What is it and why do we need it? Folic acid is one of the B vitamins. It is water-soluble and naturally occurs in foods such as beans, yeast, mushrooms, orange juice, tomato juice and green leafy vegetables like spinach, broccoli, lettuce, okra, asparagus. Some fruits also high in this vitamin are bananas, melons and lemons.
Federal law has required that folic acid be added to cold cereal, flour, bread, pasta, cookies and crackers since the late 1980s when it became a federal law. It is often used in combination with other B vitamins.
We need it in our daily diets to treat liver disease (alcoholism and kidney dialysis), ulcerative colitis and to prevent conditions such as anemia and the inability of the bowel to absorb nutrients properly. Alcohol consumption can prevent the body from properly absorbing this vitamin. You can prevent or reverse this deficiency by eating a diet high in the foods listed above.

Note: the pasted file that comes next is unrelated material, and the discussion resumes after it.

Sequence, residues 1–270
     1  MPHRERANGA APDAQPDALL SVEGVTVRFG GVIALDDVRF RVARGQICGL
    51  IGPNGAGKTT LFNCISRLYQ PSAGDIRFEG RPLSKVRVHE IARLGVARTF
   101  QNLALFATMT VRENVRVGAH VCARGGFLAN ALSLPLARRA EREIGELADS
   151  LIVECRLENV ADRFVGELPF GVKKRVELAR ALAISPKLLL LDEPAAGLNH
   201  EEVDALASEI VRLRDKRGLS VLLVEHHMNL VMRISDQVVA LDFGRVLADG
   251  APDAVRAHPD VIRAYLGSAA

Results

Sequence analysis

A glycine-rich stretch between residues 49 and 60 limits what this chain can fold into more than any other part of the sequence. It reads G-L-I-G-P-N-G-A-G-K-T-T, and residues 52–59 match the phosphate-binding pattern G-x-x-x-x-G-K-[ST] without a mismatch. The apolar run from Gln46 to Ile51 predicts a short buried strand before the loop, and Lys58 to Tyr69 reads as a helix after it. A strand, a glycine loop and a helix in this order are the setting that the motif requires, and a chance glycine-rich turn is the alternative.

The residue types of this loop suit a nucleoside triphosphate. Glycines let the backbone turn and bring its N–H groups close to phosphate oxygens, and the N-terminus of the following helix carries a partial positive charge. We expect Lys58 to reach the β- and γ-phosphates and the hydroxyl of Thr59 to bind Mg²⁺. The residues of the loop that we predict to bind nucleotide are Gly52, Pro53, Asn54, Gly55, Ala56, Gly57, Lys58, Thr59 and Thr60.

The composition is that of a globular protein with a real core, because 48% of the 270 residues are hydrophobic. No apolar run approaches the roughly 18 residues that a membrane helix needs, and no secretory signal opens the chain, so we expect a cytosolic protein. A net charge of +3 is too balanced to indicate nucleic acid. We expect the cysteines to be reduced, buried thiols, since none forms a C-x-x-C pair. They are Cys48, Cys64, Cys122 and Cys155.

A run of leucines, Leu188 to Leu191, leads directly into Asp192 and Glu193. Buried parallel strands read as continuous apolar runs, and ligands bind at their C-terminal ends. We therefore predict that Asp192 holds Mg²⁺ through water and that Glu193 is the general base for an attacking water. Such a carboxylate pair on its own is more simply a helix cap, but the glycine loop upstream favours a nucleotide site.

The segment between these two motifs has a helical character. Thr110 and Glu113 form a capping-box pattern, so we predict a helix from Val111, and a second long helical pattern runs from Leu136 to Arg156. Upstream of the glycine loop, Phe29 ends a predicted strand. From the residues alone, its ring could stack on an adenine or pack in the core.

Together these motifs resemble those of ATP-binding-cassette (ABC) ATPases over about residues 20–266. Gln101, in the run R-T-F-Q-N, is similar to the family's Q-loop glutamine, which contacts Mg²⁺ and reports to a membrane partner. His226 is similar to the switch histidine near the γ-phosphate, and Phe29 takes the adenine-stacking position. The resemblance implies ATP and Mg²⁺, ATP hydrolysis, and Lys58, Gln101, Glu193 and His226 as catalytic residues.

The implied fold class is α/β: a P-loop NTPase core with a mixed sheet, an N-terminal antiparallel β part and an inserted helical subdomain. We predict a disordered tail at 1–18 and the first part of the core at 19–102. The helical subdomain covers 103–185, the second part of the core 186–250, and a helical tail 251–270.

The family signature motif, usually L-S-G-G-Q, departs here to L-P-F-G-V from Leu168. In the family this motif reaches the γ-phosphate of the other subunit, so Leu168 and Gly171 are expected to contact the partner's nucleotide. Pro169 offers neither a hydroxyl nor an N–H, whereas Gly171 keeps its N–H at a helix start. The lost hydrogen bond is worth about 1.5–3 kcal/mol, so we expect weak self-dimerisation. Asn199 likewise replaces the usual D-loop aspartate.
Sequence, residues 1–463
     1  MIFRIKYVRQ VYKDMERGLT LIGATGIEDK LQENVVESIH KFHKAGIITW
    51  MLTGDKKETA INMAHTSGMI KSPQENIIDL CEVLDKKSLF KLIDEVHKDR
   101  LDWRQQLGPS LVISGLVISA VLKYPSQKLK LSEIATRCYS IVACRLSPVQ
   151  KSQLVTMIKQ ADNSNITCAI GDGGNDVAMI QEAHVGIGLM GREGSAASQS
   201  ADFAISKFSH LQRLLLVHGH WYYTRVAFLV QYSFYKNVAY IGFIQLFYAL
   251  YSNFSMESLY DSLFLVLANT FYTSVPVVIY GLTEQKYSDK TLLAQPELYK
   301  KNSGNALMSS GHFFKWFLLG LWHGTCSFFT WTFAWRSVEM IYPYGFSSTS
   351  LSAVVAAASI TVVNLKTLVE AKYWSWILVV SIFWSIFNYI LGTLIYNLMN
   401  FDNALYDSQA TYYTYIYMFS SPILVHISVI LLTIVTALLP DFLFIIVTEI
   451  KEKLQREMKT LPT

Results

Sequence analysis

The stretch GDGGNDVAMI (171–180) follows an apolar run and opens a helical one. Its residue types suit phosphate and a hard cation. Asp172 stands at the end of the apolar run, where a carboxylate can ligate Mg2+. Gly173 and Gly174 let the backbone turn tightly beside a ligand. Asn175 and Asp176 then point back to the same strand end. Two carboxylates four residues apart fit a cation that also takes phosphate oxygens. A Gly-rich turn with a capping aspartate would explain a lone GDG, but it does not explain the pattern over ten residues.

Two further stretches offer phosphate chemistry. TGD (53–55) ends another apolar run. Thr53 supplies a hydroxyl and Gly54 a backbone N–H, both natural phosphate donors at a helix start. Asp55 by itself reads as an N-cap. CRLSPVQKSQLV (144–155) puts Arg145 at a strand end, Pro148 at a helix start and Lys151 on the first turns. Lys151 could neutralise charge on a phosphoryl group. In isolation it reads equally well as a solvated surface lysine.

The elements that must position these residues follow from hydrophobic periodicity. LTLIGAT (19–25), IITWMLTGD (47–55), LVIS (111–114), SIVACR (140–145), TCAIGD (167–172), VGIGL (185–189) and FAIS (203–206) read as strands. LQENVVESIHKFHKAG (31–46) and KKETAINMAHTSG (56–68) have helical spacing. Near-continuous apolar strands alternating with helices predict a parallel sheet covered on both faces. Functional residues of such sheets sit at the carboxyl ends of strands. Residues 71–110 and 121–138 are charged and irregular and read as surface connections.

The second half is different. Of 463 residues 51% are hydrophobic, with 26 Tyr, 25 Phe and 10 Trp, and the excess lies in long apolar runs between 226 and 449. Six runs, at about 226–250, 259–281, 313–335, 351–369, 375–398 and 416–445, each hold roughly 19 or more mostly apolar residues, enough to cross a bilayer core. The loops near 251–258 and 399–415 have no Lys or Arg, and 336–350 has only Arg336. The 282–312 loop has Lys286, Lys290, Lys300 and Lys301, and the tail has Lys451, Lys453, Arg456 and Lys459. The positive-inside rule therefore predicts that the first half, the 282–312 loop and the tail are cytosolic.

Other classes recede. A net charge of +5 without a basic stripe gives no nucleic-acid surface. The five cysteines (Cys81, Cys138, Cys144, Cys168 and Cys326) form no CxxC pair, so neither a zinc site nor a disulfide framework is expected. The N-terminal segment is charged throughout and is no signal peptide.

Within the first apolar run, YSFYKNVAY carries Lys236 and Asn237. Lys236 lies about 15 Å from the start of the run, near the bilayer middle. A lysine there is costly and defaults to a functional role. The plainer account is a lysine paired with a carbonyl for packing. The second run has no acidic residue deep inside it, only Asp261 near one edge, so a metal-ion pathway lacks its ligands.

This vitamin can also be used to prevent colon cancer or cervical cancer, stroke and heart disease. High homocysteine levels appear to make for a high risk of heart disease. This vitamin can be used to reduce high levels of the chemical homocysteine in our blood and therefore, prevent some of these heart problems.
This vitamin has a myriad of other uses for conditions including, vitiligo (a skin disease) restless leg syndrome, sleep problems, depression, muscle pain, memory loss, Alzheimer’s disease, hearing loss, eye diseases such as macular degeneration, osteoporosis and AIDS.
There are medications that have harmful side effects such as lometrexol and methotrexate; folic acid helps reduce the side effects of those medications as well as treating a disease called Fragile-X syndrome. Some dentists recommend applying folic acid directly to the gums when gum infection is present.
Women of child bearing age who are pregnant or may become pregnant should be very sure to take this vitamin to prevent birth defects such as spina bifida and to prevent miscarriage and neural tube defects. This vitamin has a part in producing the genetic material called DNA as well as the proper development of the human body.